Issue #8 - September 15, 2011  

Counseling Comments & Insights from
Debbra Bronstad, MS   

Marriage & Family Therapist Intern

Grief Recovery Specialist

Life Coach 

Serving men, women, children and couples in San Luis Obispo County  

(805) 242-3569 

In This Issue
Trauma & Grief
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Arroyo Grande  



(805) 242-3569 

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World Trade Center 9/11 Attack
World Trade Center 9/11 Attack 2001

Over the 9/11 tenth anniversary weekend I spent several hours watching the History Channel back-to-back documentaries about what happened and how it impacted the victims, their families, our nation and the first responders.

As a grief counselor, I was especially interested in how people came to terms with the tragedy and its impact on their lives. 

In the interviews with family members of several who died that day, I observed signs that they had made peace with the past and had moved on.  They were able to smile and laugh at their remembrances of their loved one.  There were tears, but they didn't appear to be tortured by them.

In contrast, in interviews with firefighters and other first responders to the World Trade Center attack, I noticed several interviewees becoming unwilling to continue to talk when they recalled certain events. 

It was clear that the trauma of that day was still fresh. Some even mentioned common trauma symptoms such as nightmares, withdrawing from activities they once enjoyed and feeling a sense of isolation from their previous social support.


Unresolved trauma has hindered their recovery from grief.


Traumatic experiences usually involve a threat to your life or physical safety. Any situation that causes you to feel overwhelmed and helpless can result in trauma, even if the result is not physical harm. 


Your subjective emotional experience of the event is the key factor that determines whether you are traumatized by the event. When there is trauma, the mind and body remain in a state of shock that hinders healing.  The trauma is often retriggered by external reminders and memories of the event.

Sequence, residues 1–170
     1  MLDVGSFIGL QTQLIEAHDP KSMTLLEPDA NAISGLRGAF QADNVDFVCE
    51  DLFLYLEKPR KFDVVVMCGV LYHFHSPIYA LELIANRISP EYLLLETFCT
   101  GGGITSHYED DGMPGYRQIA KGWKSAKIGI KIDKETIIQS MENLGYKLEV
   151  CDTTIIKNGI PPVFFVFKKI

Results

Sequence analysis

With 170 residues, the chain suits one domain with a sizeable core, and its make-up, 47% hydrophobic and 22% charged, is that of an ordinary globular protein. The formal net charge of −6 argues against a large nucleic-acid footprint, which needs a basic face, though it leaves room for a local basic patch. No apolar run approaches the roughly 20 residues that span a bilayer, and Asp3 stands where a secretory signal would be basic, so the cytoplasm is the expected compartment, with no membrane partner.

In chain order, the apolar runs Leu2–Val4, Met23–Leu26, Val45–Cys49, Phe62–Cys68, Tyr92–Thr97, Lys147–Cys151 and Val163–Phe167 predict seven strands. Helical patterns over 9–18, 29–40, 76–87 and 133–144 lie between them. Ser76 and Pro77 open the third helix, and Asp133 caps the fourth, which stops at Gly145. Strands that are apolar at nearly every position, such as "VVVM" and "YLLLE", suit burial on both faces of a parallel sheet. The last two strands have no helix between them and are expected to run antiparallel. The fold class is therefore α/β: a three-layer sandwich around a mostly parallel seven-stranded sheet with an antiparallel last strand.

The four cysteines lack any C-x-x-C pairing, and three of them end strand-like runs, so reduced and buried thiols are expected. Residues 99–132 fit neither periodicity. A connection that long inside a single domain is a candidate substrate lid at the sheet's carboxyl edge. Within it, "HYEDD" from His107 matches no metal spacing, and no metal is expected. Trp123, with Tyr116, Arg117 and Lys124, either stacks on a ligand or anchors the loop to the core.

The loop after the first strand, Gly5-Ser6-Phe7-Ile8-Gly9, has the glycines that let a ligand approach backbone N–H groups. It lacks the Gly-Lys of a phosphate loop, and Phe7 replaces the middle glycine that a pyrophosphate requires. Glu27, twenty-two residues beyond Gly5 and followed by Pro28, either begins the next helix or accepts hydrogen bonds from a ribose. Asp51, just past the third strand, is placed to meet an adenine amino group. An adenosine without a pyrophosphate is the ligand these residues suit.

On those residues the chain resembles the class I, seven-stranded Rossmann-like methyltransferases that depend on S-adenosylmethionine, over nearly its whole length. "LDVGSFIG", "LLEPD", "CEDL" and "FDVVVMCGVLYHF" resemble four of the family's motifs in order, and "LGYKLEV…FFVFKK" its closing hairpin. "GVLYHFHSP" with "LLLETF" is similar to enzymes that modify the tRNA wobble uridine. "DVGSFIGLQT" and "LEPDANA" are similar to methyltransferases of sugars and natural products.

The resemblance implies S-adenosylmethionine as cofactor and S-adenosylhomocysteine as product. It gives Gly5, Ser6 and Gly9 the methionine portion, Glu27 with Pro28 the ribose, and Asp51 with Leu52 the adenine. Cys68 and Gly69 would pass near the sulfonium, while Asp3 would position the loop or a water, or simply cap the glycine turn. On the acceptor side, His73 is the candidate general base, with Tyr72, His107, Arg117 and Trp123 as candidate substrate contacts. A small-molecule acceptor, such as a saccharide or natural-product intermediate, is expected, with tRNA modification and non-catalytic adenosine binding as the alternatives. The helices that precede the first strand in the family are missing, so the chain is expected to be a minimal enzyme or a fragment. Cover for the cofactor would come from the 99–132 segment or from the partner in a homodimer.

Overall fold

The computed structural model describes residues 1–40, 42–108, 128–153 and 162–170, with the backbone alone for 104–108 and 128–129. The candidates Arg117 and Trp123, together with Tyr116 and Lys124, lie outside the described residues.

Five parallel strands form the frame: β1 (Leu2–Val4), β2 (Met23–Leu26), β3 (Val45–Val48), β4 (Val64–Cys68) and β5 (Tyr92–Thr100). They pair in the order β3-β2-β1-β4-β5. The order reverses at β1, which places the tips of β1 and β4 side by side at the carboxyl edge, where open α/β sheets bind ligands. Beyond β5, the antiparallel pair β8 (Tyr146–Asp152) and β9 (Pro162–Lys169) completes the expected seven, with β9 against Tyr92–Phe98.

A stressful event can be traumatic if:

  • You were unprepared for it.
  • It happened unexpectedly
  • It happened repeatedly
  • Someone was intentionally cruel.
  • You felt powerless to prevent it.
  • It happened in childhood

Click here for the complete article on my website 

including additional info:


Symptoms of Trauma 

When You Should Seek Professional Help 

9/11 Memorial
Click the picture for more info on the 9/11 Memorial

At the end of the day on Sunday, the History Channel documentary focused on the making of the 9/11 Memorial.  What was once a place of horror and unimaginable human suffering has been transformed into a tranquil park of  remembrance.  There is peace and calm there today in a beautiful setting. 



I have been helping people get peace and calm for memories of childhood and adult trauma for over 12 years. When the trauma is resolved, you can move forward to heal the pain of loss. These memories can be transformed to neutralize the pain so that what remains is a testimony to healing and growth.   


If you've experienced any type of trauma that still disturbs you or affects your relationships, please give me a call at (805) 242-3569 so we can talk about a path toward healing.  


Do you know someone who has experienced trauma and still suffering?  Please forward this email to them.




I look forward to meeting you sometime soon - in person, or by phone or email.
Best regards,



Debbra Bronstad

Debbra Bronstad, MS  (805) 242-3569

Marriage & Family Therapist Intern IMF 62480
Certified Grief Recovery Specialist
Supervisor: Sandra Sawyer, LCSW, LCS 12477